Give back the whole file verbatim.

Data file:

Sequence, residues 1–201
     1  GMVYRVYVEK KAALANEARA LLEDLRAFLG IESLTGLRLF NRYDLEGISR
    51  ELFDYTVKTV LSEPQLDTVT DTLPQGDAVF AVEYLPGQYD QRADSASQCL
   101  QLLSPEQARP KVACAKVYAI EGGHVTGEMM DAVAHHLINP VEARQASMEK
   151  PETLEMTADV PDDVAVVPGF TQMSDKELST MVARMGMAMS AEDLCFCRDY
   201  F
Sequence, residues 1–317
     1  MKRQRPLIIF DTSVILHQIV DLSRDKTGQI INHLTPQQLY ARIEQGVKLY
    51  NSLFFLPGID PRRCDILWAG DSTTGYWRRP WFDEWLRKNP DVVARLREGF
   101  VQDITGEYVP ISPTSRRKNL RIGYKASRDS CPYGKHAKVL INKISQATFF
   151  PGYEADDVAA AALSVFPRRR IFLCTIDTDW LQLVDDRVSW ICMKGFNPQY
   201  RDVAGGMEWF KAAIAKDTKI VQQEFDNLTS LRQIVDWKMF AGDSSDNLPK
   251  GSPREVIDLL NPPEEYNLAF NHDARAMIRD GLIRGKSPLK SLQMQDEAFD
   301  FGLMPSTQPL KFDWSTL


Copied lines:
Sequence, residues 1–201
     1  GMVYRVYVEK KAALANEARA LLEDLRAFLG IESLTGLRLF NRYDLEGISR
    51  ELFDYTVKTV LSEPQLDTVT DTLPQGDAVF AVEYLPGQYD QRADSASQCL
   101  QLLSPEQARP KVACAKVYAI EGGHVTGEMM DAVAHHLINP VEARQASMEK
   151  PETLEMTADV PDDVAVVPGF TQMSDKELST MVARMGMAMS AEDLCFCRDY
   201  F
Sequence, residues 1–317
     1  MKRQRPLIIF DTSVILHQIV DLSRDKTGQI INHLTPQQLY ARIEQGVKLY
    51  NSLFFLPGID PRRCDILWAG DSTTGYWRRP WFDEWLRKNP DVVARLREGF
   101  VQDITGEYVP ISPTSRRKNL RIGYKASRDS CPYGKHAKVL INKISQATFF
   151  PGYEADDVAA AALSVFPRRR IFLCTIDTDW LQLVDDRVSW ICMKGFNPQY
   201  RDVAGGMEWF KAAIAKDTKI VQQEFDNLTS LRQIVDWKMF AGDSSDNLPK
   251  GSPREVIDLL NPPEEYNLAF NHDARAMIRD GLIRGKSPLK SLQMQDEAFD
   301  FGLMPSTQPL KFDWSTL